In hindsight I should probably ask on the user lists what they think of the installer.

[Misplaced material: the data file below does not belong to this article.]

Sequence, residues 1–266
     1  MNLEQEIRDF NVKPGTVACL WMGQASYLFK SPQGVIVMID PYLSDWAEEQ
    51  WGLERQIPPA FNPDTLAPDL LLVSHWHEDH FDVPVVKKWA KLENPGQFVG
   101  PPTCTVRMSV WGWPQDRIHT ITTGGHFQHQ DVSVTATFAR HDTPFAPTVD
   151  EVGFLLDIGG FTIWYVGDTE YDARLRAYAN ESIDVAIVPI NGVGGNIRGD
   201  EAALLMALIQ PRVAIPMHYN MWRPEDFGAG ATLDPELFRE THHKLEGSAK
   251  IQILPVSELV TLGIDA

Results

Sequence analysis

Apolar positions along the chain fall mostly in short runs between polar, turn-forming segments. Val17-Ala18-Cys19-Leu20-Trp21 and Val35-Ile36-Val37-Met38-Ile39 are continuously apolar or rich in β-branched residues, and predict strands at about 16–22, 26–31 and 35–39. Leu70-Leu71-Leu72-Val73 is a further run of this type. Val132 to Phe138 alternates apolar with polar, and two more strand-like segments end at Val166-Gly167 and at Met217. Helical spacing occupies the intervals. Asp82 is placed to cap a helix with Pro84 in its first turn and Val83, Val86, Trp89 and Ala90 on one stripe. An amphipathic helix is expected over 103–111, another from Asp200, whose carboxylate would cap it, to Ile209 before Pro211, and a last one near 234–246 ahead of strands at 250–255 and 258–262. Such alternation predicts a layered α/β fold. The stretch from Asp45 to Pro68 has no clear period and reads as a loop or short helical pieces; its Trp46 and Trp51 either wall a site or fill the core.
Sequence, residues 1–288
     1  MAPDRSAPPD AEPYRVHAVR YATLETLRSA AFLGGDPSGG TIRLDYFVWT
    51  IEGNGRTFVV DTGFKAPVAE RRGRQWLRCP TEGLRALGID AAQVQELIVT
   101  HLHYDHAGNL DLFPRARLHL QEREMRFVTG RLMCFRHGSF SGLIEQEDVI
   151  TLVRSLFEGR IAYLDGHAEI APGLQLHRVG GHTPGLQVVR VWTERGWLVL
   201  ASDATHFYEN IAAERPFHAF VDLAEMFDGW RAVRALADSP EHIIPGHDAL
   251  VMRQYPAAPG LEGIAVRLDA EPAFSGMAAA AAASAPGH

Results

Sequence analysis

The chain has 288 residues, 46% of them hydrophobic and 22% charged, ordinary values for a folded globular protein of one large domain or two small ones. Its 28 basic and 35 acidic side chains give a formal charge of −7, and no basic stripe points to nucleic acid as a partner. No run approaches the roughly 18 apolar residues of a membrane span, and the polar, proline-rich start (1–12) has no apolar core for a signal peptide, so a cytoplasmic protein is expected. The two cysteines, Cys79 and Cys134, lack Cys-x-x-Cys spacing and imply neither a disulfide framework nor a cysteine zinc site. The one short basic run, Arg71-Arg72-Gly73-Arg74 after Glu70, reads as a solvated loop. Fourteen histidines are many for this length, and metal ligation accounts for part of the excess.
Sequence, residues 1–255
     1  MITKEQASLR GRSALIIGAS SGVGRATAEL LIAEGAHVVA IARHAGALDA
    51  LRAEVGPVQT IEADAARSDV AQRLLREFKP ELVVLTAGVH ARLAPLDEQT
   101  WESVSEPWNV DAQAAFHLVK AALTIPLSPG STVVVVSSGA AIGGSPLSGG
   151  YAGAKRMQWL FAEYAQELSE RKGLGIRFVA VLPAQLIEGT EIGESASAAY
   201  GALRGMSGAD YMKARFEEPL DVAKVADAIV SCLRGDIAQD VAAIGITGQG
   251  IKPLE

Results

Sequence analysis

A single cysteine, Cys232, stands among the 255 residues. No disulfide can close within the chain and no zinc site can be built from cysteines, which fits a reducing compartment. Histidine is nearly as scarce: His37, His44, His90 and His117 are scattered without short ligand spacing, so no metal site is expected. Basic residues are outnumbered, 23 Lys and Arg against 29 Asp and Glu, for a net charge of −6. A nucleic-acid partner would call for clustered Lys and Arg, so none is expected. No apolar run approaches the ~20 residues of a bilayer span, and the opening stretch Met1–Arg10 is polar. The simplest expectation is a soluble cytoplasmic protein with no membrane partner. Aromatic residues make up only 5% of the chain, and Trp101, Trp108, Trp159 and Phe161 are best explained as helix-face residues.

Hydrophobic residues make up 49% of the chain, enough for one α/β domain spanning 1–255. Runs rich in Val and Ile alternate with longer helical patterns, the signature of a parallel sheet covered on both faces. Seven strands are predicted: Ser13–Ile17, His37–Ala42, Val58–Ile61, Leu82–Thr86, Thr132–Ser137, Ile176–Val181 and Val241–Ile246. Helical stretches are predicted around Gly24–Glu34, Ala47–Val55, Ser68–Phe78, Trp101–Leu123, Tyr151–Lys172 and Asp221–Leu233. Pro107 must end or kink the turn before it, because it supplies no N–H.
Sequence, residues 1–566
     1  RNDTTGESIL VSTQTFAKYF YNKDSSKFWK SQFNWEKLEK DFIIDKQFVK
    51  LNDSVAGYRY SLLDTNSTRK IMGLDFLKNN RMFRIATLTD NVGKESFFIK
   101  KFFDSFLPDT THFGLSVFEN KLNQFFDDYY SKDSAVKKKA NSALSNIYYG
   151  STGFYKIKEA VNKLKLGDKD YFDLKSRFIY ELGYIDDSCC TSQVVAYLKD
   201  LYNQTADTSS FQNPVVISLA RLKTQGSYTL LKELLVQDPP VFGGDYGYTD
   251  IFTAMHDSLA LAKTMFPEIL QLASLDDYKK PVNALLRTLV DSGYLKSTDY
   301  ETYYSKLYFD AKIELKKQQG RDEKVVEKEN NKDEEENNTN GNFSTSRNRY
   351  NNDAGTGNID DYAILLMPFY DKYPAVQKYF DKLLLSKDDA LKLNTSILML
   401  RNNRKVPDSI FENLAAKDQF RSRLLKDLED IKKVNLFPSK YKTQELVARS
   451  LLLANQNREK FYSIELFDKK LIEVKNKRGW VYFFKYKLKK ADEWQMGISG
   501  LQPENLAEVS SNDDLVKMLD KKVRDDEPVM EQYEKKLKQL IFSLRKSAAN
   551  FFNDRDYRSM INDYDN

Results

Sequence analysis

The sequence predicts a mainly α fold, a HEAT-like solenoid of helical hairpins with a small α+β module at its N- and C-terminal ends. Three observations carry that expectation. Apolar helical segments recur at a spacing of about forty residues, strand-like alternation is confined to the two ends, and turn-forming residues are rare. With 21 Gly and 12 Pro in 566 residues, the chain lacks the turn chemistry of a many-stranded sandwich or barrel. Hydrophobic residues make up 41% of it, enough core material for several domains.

On Wed, 9 Jul 2003, Sven Neumann wrote: > > http://bugzilla.gnome.org/show_bug.cgi?id=117010 > > Sven closed my bug report suggesting removing or reducing the user > > installer. I have moved it to NeedInfo, as I hope with more information > > you can be convinced it is worth reopening. > > I did not close your report. I marked it as a duplicate of bug #113165 > because the issue has already been discussed there. The effect of marking it as a duplicate of a bug that has been RESOLVED INVALID is effectively saying that you consider my suggestion to also to be invalid. At the time you made no suggestion at all that there was any possibility of reopening the original issue. > > At the very least the second and third pages about the files that are > > getting installed could be removed > > The information about the files that are installed in the user The dialog tells you what the names of the files that are going to be installed but not their purpose or roughly how much space they will take. > we should just drop a number of files in the user directory. Unlike > the GNOME developers we don't expect our users to be stupid. We put a I disagree with that in so many ways. Instead I will look at what we can agree on. > > At most all you would need say is one sentence, something like > > GIMP will need to install configuration files which take up roughly > > 500 kb. The documentation could explain what these files are for those > > who want to know more. > > Which documentation? At the moment the user installation dialog is the > best documentation we have about this topic. Unless you write a better > documentation, it won't be removed. If the current documentation does not explain what the install is doing then I will write addation documentation to explain it if there is a good chance it will be be accepted. I found this document but it covers only a much older version of the user install http://manual.gimp.org/manual/GUM/install.html#446035 I am all for giving users the information the want to know but when a user first starts the GIMP I want to give them the infromation the _need_ to know. That should include enough information to tell people where they can find out more if they really want to know. Most users dont read manuals or documentation, especially not before they run a program for the first time. I cant be the only user that just accepts the defaults. Look at these instructions for example http://www.geosc.psu.edu/computing/static/FAQ/GIMP.html "We recommend letting the setup program pick for you" If i look longer I could probably find more examples, better yet ask the user mailing list. The user does not need to know about the General Public License (it does not apply unless you want to distribute modified versions). I know why developers want it there (evangelism) but it is annoying when Proprietary crap spews non essential license information at you (which most users ignore anyway) something most developers prefer not to copy. It will be a day or two before I can build from CVS and look at the changes that you said have been recently made. I dont see any mention in the Changelog yet http://cvs.gnome.org/lxr/source/gimp/ChangeLog > The question here is "Why?". I don't see any good reason to skip this I am sorry but too much information is pointless if the user is not likely to know what to do with it. > user to find out where she can do this? Doing it during the user installation is a perfectly good place to present the user with this It might be a good place to present this choice but the first time a user runs the GIMP how likely are they to know what the right settings for them actually are? > want to hide it's complexity. Why should we? We do want to hide _unneccesary_ complexity. I am not suggesting we make the GIMP any less powerful or flexible. The GIMP already does hide complexity in many ways, the GIMP has a menu item to Rotate 90 degrees, would you argue that Rotate is enough and that users are perfectly able to specify 90 degrees if they want it? You really should try to spend a little time using recent versions of Adobe Photoshop and Paint Shop Pro or various other pieces of graphics software and copy what you like and recongise there are better ways. Take the example of Red Eye correction, you can do Red Eye correction in the GIMP but many programs have a dialog specifically for doing this task which makes things easier but does not make the program any less powerful. Usability is not about Dumbing down, it is about optimisation and the biggest bottleneck in many systems is the time it takes the user to respond to unneccessary questions. Perhaps you might have more respect for the opinion of a real hacker like Havoc Pennington, he is on the list [EMAIL PROTECTED] if you care to ask him. Sincerely Alan Horkan http://advogato.org/person/AlanHorkan/ _______________________________________________ Gimp-developer mailing list [EMAIL PROTECTED] http://lists.xcf.berkeley.edu/mailman/listinfo/gimp-developer